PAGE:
British road traffic rises to record 318.5 billion vehicle miles
Traffic on British roads has reached a record high, according to statistics recently published by the Department for Transport (DfT). In the year ending March 2016, 318.5 billion vehicle miles were travelled, a 1.8% rise on the previous year.
The provisional figures show road traffic has risen 1.3% above the previous high, which was set in the year to September 2007, before the financial crash. Car traffic has risen to a record 248.9 billion vehicle miles, and van traffic is rising faster than any other vehicle type, rising 4.1% to 47.3 billion vehicle miles.
According to the Express, these figures show that in the last two decades the number of vehicle miles has increased by 18.3%, with the proportion covered by cars rising 13.2%.
Traffic has increased on all road types, with motorways and rural roads showing record levels. Motorway traffic increased 3.0% to 67.1 billion vehicle miles. The volume of motorway traffic has increased 44.1% in two decades.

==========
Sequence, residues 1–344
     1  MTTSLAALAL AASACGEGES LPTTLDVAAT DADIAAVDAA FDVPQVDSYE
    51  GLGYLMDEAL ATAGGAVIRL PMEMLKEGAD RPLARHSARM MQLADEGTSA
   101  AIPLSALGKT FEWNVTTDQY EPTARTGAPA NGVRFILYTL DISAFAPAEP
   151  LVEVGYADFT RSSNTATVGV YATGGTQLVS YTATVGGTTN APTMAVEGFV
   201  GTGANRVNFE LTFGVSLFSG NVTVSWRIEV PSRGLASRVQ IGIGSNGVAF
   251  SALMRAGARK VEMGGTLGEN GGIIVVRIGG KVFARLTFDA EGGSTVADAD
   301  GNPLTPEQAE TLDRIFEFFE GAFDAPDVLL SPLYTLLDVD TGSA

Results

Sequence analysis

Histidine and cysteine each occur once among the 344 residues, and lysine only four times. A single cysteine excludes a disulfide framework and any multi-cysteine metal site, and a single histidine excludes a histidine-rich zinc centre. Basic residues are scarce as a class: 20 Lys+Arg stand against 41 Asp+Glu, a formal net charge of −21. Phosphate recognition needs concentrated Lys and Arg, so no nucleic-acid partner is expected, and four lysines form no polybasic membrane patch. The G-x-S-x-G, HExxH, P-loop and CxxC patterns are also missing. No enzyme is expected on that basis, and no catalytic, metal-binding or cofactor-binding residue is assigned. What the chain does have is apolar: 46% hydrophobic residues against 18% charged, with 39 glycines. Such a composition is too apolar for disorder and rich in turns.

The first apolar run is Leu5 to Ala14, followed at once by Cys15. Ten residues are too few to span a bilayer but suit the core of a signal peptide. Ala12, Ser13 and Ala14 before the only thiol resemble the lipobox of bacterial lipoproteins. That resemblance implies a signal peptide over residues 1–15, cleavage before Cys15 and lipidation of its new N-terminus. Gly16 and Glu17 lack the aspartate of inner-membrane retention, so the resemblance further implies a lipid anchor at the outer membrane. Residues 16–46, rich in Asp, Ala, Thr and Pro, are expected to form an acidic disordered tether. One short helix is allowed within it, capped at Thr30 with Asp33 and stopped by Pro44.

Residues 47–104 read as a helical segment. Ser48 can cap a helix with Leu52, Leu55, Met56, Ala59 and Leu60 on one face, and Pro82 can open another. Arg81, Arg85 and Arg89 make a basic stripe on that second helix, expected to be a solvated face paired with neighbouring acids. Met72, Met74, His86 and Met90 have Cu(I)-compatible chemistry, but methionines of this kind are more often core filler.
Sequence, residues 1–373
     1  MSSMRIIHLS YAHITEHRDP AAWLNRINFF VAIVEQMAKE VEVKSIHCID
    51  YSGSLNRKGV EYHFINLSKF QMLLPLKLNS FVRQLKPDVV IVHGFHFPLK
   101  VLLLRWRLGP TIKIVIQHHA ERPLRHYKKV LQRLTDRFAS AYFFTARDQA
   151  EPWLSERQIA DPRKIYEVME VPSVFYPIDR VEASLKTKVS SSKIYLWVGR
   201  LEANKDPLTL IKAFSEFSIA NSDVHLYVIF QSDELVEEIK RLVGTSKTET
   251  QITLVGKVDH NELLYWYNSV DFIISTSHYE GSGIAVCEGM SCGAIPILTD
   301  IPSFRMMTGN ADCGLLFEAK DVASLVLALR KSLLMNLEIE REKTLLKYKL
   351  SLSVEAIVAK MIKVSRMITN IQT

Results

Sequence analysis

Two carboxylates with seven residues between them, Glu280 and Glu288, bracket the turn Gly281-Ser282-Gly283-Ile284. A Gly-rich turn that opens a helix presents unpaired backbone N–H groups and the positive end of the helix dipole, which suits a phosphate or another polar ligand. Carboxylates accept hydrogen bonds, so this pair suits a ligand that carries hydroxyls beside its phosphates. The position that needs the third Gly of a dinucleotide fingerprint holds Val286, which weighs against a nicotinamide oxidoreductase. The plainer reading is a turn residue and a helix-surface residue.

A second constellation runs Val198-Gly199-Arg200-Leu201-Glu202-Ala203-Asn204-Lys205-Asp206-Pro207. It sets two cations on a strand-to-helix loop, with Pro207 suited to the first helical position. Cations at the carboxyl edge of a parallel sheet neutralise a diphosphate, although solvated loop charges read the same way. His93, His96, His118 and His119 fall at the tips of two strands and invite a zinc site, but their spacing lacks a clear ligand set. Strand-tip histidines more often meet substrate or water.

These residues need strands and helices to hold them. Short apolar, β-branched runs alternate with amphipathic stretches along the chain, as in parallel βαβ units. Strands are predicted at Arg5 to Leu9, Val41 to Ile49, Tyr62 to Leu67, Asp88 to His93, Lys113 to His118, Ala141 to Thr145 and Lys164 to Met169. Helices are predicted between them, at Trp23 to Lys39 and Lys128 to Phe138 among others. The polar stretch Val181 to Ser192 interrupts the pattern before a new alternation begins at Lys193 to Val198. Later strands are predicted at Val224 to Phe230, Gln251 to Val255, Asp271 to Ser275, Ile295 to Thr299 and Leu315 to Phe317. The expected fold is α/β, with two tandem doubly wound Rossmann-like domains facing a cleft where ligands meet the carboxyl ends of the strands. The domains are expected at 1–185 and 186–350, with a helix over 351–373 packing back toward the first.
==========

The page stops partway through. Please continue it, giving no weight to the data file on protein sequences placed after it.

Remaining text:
On rural routes, traffic has increased by 22.9% on A roads and 23.5% on rural roads, while minor urban roads saw a 5.6% increase and urban A roads saw traffic fall by 0.6%.
The government claims the rise in traffic volumes is due to economic growth and low fuel prices; in the year ending March 2016, premium unleaded petrol was 13.1p per litre cheaper than the previous year, while diesel was 16.9p cheaper.
RAC roads policy spokesman Nick Lyes said: "While traffic has only increased very slightly on the previous year it has taken us to record levels, but the longer-term picture is more concerning, with overall traffic since 1995 growing by 18.6% -- in stark contrast to the overall length of our roads, which has only increased by 2.4%."